Some people believe math is a magic wand. Or, at least, that studying lots of math in school leads to magical economic outcomes.

The current Prime Minister of the UK is one of those who seems to buy into that idea.

Speaking in London to an audience of students, teachers and business leaders, Mr Sunak said children risked being “left behind” in the jobs market without a solid foundation in maths.

A “cultural sense that it’s OK to be bad at maths,” he added, had left the UK one of the least numerate countries in the developed world.

Poor numeracy had proved a problem for employers, he said, and was costing the economy “tens of billions a year”.

Of course, opposition politicians in the UK don’t disagree with the idea of kids taking lots of math classes. Their criticism is that the government isn’t doing enough to train and recruit more teachers.

They do not, however, ever address one basic basic question: why math?. The issue of whether the standard mathematics curriculum (in both the US and UK), which aims them directly towards Calculus, is the right path for all students.

It is not. For a variety of reasons that I’ve ranted about many times in this space.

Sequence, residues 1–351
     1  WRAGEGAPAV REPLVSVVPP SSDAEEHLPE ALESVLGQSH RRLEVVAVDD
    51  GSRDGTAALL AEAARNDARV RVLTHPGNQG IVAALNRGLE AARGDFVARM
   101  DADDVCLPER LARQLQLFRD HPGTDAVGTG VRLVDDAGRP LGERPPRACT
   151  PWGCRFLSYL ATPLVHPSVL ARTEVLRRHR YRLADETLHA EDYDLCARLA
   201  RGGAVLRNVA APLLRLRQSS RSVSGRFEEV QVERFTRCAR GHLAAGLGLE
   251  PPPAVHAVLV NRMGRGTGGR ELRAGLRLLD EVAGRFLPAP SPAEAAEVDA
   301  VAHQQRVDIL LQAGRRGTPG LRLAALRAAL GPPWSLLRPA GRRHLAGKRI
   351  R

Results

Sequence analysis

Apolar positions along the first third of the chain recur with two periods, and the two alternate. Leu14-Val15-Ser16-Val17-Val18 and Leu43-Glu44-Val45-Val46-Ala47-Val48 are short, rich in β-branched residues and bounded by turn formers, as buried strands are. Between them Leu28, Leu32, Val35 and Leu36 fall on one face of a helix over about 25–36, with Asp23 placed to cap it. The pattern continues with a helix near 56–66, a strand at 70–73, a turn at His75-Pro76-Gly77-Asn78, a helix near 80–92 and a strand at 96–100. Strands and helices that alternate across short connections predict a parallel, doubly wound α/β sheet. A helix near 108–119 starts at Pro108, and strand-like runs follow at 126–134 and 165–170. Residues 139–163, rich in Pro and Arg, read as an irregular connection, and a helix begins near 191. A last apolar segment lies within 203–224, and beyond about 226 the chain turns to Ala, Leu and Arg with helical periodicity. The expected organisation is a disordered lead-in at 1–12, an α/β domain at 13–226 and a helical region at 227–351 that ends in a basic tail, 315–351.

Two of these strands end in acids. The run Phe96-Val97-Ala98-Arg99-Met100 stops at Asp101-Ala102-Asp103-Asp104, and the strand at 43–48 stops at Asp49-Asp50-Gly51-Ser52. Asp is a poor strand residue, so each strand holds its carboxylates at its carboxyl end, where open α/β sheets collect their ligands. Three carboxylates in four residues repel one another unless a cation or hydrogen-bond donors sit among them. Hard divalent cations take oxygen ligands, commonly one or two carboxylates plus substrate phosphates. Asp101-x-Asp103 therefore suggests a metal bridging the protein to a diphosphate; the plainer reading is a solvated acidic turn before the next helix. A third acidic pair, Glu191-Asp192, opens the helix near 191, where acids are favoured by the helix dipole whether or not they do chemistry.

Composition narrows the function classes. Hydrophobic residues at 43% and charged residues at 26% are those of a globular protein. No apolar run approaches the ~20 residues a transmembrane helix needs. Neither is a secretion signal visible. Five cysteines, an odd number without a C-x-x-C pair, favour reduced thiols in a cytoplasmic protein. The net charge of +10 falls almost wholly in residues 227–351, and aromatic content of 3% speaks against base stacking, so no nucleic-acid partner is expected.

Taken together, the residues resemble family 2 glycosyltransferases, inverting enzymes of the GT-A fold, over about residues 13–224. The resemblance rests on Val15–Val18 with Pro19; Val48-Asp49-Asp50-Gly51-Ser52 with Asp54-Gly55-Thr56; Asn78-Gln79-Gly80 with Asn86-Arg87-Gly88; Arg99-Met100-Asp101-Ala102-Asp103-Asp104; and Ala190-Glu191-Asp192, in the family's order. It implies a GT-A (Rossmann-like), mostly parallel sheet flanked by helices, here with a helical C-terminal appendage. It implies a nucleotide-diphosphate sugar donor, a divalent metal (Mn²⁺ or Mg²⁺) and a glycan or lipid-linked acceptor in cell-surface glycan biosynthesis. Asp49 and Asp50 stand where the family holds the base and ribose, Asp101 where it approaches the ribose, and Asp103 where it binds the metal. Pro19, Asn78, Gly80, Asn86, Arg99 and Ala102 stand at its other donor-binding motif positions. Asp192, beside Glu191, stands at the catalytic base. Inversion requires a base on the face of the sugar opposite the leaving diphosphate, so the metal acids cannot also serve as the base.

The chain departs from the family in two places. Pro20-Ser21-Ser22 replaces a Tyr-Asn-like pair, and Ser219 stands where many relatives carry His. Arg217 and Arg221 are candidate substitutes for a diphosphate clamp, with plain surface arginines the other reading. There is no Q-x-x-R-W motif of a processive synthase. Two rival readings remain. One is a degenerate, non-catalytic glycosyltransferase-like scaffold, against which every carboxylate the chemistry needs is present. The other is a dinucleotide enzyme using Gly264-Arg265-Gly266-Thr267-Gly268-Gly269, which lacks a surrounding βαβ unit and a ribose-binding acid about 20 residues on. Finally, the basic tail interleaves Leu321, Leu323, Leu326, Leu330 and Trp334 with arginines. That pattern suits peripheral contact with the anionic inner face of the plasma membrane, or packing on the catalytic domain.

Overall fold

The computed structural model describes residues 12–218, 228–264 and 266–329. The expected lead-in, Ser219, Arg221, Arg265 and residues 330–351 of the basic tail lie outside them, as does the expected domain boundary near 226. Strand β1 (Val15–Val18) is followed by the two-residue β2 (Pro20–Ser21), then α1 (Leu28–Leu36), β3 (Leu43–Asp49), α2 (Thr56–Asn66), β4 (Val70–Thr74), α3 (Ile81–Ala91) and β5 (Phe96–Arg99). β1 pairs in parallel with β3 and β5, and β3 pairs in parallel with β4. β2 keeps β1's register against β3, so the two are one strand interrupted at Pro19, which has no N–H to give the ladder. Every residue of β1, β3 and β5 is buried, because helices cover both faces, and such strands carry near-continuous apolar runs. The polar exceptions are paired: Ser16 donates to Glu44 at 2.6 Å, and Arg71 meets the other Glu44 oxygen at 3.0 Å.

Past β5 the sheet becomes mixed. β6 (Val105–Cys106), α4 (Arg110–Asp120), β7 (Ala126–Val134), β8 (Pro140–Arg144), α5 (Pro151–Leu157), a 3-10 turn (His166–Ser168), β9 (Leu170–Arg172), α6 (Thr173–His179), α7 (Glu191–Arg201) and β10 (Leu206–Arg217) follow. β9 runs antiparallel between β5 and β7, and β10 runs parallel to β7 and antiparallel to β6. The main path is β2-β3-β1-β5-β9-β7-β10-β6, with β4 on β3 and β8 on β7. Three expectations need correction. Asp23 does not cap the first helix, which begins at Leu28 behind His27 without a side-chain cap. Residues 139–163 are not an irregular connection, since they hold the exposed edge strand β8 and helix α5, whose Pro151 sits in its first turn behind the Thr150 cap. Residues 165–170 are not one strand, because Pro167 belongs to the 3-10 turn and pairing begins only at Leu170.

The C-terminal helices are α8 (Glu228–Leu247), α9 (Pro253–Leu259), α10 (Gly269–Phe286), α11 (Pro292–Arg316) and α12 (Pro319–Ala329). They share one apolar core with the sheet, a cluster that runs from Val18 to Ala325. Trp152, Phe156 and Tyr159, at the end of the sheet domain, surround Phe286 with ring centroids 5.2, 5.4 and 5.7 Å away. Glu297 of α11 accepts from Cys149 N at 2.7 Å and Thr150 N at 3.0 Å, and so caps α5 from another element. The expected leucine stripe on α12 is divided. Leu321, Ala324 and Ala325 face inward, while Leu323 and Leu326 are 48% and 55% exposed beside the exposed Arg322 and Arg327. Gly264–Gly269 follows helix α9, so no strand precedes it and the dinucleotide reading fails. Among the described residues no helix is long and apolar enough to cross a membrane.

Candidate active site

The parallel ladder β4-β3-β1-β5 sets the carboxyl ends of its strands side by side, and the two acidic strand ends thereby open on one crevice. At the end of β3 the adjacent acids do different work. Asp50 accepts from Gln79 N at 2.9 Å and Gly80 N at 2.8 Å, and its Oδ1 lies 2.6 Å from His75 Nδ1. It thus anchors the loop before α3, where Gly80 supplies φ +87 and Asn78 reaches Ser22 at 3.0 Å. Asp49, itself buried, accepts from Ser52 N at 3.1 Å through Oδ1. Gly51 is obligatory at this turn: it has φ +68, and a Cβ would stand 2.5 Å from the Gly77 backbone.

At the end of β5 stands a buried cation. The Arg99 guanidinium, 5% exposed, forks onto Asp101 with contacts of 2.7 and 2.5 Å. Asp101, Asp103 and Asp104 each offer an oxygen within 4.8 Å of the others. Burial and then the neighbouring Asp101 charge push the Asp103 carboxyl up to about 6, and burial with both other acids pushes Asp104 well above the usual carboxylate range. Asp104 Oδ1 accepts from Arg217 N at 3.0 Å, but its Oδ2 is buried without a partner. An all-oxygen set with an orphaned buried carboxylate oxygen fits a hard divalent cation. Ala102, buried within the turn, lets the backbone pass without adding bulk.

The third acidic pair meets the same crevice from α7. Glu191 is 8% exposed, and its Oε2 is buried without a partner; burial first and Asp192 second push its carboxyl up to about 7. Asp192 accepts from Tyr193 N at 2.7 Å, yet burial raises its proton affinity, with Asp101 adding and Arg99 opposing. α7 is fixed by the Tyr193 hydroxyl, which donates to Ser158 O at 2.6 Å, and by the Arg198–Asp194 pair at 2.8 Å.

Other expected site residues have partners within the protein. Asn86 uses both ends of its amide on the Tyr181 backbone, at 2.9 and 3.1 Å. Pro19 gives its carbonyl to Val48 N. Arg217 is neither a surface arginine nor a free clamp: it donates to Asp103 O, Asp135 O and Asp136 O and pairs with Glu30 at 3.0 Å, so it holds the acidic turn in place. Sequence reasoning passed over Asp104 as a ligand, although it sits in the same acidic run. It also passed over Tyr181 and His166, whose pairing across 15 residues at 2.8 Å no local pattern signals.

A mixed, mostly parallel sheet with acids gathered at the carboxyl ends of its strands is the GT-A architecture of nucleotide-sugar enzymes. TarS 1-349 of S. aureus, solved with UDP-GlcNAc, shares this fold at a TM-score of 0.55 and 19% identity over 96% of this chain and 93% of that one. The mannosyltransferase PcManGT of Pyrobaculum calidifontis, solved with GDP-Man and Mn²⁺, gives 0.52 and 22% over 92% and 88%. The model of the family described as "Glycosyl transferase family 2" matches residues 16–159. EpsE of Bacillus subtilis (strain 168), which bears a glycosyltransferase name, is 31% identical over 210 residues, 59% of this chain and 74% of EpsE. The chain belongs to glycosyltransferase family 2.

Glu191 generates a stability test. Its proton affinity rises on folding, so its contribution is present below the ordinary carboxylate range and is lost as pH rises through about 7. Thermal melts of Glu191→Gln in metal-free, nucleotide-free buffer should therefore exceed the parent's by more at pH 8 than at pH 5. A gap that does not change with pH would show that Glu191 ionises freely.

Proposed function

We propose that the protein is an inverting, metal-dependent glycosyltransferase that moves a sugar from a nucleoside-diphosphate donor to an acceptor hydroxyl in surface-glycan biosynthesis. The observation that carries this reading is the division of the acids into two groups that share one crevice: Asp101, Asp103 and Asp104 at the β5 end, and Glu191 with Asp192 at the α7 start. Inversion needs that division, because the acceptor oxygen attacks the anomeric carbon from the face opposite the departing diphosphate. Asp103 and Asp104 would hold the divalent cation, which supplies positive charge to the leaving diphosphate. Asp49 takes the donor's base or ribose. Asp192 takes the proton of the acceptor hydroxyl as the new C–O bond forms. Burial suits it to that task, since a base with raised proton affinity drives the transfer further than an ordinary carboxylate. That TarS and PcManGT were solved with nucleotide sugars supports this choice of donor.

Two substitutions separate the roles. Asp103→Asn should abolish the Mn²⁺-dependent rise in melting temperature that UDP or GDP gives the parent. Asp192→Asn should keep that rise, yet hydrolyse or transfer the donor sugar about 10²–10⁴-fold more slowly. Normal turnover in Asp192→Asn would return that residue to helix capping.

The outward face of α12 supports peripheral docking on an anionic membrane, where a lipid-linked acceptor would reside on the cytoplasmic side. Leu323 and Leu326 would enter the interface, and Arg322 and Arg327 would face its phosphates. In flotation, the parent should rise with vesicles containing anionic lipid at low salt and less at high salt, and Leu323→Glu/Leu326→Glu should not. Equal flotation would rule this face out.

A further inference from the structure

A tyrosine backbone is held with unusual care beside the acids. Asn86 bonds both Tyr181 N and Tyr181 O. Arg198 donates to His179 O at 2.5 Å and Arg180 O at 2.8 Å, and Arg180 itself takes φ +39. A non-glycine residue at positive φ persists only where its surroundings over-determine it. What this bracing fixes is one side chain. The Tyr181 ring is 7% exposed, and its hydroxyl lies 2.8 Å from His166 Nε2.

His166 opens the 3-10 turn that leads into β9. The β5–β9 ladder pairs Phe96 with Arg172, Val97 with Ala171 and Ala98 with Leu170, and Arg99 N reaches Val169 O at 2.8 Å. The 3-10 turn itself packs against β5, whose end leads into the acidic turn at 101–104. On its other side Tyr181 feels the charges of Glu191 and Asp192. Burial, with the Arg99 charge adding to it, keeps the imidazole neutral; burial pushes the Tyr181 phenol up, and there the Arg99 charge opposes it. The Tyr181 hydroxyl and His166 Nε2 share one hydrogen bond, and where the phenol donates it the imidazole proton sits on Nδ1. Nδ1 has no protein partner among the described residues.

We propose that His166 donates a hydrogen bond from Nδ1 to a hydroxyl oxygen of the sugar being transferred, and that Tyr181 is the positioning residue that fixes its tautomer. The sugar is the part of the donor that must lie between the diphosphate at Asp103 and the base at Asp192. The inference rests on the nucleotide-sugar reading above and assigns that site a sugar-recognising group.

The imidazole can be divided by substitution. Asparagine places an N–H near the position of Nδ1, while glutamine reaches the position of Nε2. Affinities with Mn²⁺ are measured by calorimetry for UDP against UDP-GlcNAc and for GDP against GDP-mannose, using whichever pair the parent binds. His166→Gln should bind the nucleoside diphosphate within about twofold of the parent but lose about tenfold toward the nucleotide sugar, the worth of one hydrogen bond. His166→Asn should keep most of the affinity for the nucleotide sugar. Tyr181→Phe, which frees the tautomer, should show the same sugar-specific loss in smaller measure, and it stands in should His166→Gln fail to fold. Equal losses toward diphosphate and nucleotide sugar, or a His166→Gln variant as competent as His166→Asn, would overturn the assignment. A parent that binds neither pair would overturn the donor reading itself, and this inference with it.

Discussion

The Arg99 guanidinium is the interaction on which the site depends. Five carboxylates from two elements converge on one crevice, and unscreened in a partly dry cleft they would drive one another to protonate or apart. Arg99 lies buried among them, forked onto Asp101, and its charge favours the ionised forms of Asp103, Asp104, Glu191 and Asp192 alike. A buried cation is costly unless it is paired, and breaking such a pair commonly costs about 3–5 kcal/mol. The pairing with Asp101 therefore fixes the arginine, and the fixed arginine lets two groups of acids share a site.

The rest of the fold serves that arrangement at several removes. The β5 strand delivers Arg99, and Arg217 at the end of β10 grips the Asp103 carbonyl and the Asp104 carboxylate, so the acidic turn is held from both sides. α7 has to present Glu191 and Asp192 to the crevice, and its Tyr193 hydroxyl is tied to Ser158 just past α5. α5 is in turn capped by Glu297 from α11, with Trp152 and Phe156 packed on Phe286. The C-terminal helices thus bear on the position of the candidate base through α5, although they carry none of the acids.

Including the reality that most adults don’t use even a fraction of the math forced on them while in K12 classes, even those working in most technical fields.

And that studying math does very little to help students develop the sense of numeracy they will need to navigate daily life as adults.

It certainly doesn’t make kids into “logical” thinkers or motivate them into job fields that will supposedly restore those lost “tens of billions a year”.

In fact, the way math is presented in most schools contributes heavily to that “anti-maths mindset” blamed by the Prime Minister for “holding back” the British economy.

The bottom line is that there are plenty of systemic problems causing bad economic outcomes that have nothing to do with school. We could start with the stupidity of xenophobia promoted by politicians on both sides of the Atlantic and move on from there.

The photo at the top has only a tenuous connection to the topic. But it does include numbers.